Claire Fiddian-Green is the President & CEO of the Richard M. Fairbanks Foundation.


Yesterday, the U.S. Department of Education released the latest scores from the National Assessment of Educational Progress (NAEP), commonly referred to as “The Nation’s Report Card.” Indiana’s scores are disappointing and mirror the state’s recently released ILEARN results.

In 2019, only 37 percent of Indiana 8th graders demonstrated proficiency in reading and math on NAEP. In 4th grade, 37 percent of students achieved proficiency in reading, while 47 percent were proficient in math. Average scores in reading declined and average scores in math held relatively steady since the test was last administered in 2017. While average scores in math have gone up over time, Indiana’s performance in reading has held steady since 2002.

What’s more concerning, the gap in achievement between students of color and white students, and between students from low-income families and their more affluent peers, persists. In some cases, the gap continues to widen. For example, in 2019, 8th grade students who qualified for the National School Lunch Program had an average math score that was 26 points lower than students who did not, compared to a gap of just 17 points in 2000.  Once again, these gaps in achievement mirror ILEARN gaps.

While NAEP is taken by a nationally representative sample of students every two years and does not provide individual student-level data, the assessment provides a common measure of student achievement across states and is useful for national comparisons.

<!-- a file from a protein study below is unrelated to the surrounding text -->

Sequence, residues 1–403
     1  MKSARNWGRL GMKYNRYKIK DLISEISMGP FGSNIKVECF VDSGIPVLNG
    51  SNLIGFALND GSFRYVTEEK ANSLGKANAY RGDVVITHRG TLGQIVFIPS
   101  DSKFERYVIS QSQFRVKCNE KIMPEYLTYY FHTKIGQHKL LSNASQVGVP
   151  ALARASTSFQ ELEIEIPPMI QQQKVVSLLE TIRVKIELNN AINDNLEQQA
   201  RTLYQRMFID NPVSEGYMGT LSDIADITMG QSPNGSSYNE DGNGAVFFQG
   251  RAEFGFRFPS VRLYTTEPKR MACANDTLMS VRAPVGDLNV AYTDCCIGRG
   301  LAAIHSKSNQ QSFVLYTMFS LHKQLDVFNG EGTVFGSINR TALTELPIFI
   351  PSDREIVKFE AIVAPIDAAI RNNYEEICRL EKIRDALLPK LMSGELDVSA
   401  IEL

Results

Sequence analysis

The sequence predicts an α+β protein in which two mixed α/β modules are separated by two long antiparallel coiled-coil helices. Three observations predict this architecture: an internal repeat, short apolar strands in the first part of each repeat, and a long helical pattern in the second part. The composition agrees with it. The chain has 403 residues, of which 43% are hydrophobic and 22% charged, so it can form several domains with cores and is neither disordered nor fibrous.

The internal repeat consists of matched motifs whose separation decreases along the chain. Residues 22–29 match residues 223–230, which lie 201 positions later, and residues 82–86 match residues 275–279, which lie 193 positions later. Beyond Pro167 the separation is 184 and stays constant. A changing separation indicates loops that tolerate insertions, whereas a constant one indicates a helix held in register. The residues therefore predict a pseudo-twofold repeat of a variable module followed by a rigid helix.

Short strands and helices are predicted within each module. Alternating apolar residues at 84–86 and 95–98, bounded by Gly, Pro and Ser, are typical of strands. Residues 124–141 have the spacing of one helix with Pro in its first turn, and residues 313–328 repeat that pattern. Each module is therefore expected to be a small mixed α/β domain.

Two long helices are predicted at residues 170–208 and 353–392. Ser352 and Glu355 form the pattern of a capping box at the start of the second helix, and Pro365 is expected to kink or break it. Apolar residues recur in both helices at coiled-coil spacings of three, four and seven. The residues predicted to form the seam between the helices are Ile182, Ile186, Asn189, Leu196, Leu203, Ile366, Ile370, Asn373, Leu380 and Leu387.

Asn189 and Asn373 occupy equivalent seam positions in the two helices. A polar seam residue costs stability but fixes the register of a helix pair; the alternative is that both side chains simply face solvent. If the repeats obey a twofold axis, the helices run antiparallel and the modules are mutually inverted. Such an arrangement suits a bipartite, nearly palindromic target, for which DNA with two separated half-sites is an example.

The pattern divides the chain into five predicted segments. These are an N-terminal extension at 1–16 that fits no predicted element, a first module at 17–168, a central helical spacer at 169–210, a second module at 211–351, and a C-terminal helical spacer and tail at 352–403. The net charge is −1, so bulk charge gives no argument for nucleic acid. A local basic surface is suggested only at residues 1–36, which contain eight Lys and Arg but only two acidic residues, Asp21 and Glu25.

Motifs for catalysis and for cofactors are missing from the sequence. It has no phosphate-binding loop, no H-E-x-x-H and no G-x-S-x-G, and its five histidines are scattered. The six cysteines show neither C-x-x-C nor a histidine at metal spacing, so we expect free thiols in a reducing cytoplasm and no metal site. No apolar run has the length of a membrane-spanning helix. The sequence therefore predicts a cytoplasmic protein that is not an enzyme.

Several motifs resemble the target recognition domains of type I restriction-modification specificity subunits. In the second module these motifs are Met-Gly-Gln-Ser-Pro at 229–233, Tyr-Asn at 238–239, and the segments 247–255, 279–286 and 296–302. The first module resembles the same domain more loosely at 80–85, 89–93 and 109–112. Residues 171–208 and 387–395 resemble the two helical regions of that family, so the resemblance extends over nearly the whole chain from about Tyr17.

Indiana’s average NAEP scores in 4th and 8th grade math and reading remain above the national average scores, as well as most states’ scores, but the divide is narrowing. Indiana’s rank in 4th and 8th grade math and reading has fallen since 2017.

In our increasingly global economy, Indiana students will be expected to learn and do more than ever before in order to succeed after high school. 2019 NAEP scores – like this year’s ILEARN scores – serve as a call to action to identify and address the root causes that contribute to low proficiency scores.

As I’ve written previously, we can start by looking at international best practices as outlined in the 2016 report released by the National Conference of State Legislatures, called “No Time to Lose.” The keys to Indiana’s future include a purposeful focus on high-quality early childhood education, teacher preparation programs that combine content knowledge with practical learning experiences through residency programs, the implementation of teacher career ladders in K-12 classrooms, and an intellectually rigorous career-and-technical education system aligned with employer demand. By taking a systems-level approach to improving education outcomes, it is possible for us to raise proficiency levels for all Hoosier children.

Yesterday’s NAEP scores, combined with this year’s ILEARN results, make it clearer than ever that we need to pursue an “all-hands-on-deck” approach, across sectors, if we are going to make meaningful strides for Indiana students.

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